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YouTube's 'Dislike' and 'Not Interesting' buttons barely work, study finds

YouTube's 'Dislike' and 'Not Interesting' buttons barely work, study finds

Even when users tell YouTube they're not interested in certain types of videos, similar recommendations keep coming in, a new study from Mozilla has found.

Using video recommendation data from more than 20,000 YouTube users, Mozilla researchers found that buttons such as "Not interested", "Dislike", "Stop recommending channel" and "Remove from viewing history" similar content. can display. are largely ineffective in preventing them from being recommended. According to the report, even at their best, these buttons still allow over half of the recommendations, as one user said they weren't interested in. In the worst case, the buttons barely made a dent in blocking similar videos.

To collect actual videos and data from users, Mozilla researchers enlisted volunteers who used the foundation's Regrets Reporter, a browser extension that overlays a generic "stop recommend" button for YouTube videos watched by participants. Is. Is. On the back end, users were randomly assigned a group, so each time they clicked a button placed by Mozilla, different signals were sent to YouTube — dislike, not interested, recommending channels. do do not. Remove from history, and a control group for which no response was sent to the forum.

Using data collected from more than 500 million recommended videos, research assistants created more than 44,000 pairs of videos—one "disapproved" video, as well as a video later recommended by YouTube. The researchers then assessed the pairs themselves or used machine learning to decide whether the recommendation was similar to the video the user had declined.

Sending "dislike" and "not interested" signals was only "moderately effective" in blocking 12 percent of the 11 percent poor recommendations, respectively, compared to the baseline control group. The "don't recommend channel" and "remove from history" buttons were slightly more effective — they prevented 43 percent and 29 percent of bad recommendations — but researchers say the tools offered by the platform still help remove unwanted content. We do. are insufficient.

"YouTube should respect the feedback users share about their experience, treating them as meaningful clues about how people want to spend their time on the platform," the researchers wrote.

YouTube spokeswoman Elena Hernandez says these behaviors are intentional because the platform does not attempt to block all content related to a topic. But Hernandez criticized the report, saying it doesn't take into account how YouTube's controls are designed.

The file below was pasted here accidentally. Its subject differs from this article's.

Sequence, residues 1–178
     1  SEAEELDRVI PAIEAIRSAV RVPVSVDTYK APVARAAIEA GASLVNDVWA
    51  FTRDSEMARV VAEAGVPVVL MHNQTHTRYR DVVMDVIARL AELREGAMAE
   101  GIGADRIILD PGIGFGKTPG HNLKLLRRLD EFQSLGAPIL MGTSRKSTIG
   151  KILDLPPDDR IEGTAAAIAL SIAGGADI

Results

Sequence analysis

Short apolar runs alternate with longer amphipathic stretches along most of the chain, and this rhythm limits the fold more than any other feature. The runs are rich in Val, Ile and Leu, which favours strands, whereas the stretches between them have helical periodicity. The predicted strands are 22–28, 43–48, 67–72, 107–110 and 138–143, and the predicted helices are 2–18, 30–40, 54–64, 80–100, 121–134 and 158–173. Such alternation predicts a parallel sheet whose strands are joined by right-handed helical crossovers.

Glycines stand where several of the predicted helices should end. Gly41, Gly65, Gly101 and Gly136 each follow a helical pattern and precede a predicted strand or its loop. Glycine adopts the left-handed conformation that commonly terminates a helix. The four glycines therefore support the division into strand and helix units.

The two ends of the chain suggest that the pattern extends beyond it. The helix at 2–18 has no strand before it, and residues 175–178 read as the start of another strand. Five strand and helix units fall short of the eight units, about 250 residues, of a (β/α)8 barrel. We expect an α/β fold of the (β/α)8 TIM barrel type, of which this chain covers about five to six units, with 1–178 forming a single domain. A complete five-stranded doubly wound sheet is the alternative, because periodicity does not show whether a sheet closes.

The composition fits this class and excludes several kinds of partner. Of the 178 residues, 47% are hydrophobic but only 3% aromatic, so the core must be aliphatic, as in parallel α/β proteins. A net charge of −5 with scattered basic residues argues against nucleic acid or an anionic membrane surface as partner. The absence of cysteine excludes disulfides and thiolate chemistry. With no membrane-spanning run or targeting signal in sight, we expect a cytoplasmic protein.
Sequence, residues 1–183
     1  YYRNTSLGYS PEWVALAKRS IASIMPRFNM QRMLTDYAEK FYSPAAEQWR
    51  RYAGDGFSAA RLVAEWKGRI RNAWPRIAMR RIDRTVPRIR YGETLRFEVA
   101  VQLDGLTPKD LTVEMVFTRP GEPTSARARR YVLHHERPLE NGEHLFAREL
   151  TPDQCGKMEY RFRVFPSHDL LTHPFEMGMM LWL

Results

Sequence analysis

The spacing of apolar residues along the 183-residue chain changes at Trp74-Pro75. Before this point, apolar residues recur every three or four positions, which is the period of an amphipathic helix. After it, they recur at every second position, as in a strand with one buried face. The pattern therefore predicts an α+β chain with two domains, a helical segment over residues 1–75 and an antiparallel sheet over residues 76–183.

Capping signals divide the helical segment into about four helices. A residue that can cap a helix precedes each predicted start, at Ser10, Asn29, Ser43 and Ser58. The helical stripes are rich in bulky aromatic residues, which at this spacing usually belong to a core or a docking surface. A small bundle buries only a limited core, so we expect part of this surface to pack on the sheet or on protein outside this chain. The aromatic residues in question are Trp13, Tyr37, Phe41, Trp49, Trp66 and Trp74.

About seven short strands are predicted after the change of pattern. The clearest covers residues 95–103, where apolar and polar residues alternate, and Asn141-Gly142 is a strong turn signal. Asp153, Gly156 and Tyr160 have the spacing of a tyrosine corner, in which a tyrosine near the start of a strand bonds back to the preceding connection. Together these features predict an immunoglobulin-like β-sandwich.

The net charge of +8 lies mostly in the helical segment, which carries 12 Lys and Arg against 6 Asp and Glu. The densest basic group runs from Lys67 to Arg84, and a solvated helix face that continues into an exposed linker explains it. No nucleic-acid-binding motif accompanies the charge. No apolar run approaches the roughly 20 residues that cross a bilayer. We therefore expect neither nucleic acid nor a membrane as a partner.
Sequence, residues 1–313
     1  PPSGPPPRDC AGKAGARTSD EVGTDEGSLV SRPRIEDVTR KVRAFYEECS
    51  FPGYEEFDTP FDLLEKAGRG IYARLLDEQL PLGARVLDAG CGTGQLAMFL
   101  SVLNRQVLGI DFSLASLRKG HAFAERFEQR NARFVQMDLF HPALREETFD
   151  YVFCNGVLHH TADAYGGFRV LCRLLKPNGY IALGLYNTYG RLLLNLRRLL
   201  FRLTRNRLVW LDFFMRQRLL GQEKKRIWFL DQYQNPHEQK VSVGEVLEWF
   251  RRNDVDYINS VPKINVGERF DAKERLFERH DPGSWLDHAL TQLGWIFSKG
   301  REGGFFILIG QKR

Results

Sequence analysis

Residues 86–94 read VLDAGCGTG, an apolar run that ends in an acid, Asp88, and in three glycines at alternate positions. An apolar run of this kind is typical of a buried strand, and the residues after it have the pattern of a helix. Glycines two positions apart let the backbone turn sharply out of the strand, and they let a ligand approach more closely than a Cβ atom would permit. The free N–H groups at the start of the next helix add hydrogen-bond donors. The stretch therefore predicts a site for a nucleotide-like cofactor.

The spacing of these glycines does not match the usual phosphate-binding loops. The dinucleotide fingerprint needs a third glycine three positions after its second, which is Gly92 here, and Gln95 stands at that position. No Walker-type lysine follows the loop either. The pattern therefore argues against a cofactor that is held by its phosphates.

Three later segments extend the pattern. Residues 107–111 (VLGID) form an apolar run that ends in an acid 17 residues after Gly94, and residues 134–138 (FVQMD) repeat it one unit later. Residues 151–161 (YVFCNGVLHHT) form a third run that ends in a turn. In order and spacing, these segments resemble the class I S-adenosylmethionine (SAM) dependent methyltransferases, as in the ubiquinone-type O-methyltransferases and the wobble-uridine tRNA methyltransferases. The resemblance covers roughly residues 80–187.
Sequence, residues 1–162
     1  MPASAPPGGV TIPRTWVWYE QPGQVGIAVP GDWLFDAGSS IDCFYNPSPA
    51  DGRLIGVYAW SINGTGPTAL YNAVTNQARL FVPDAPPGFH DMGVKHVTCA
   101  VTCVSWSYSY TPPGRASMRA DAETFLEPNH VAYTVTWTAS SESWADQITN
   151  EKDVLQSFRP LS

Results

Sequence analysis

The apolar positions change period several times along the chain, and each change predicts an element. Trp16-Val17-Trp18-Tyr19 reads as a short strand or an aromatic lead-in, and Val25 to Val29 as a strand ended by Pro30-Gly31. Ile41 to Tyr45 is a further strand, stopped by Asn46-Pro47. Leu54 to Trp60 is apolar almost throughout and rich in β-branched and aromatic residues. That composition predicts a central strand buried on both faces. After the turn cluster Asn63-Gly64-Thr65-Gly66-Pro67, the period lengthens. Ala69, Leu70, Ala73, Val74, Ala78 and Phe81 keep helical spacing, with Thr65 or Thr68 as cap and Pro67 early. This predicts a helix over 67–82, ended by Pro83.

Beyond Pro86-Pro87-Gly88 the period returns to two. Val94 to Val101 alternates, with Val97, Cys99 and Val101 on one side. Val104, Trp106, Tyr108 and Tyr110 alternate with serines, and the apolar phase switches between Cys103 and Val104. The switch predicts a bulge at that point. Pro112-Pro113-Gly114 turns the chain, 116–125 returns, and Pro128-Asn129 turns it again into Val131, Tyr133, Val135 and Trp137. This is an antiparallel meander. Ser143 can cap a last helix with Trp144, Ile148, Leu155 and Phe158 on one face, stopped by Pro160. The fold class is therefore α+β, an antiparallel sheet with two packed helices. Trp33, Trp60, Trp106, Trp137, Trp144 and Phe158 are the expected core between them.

“The important thing is that our controls do not filter out entire subjects or perspectives, as this can have negative effects on the audience, such as creating an echo chamber,” Hernandez told The Verge. “We welcome academic research to our platform, which is why we recently expanded Data API access through our YouTube Researcher Program. Mozilla's report doesn't take into account how our systems actually work, and so it's difficult for us to get a lot of information."

Hernandez says Mozilla's definition of "similar" fails to consider how YouTube's recommendation system works. The "Not Interested" option removes a specific video, and the "Don't Recommend Channel" button prevents the channel from being recommended in the future, Hernandez says. The company says it does not want to withhold all content recommendations related to a topic, opinion or speaker.

Apart from YouTube, other platforms like TikTok and Instagram have introduced more and more feedback tools to train algorithms to show relevant content to users. But users often complain that even after flagging something they don't want to see, similar recommendations remain. Mozilla researcher Becca Ricks says it's not always clear what the various controls actually do, and the platforms aren't transparent about how feedback is taken into account.

“I think in the case of YouTube, the platform is balancing user engagement with user satisfaction, which is ultimately a tradeoff between recommending content that drives people to spend more time on the site and content . algorithms think people will like," Ricks told The Verge via email. "The platform has the power to change which of these signals receives the most weight in its algorithms, but our study shows that user feedback may not always be the most important."

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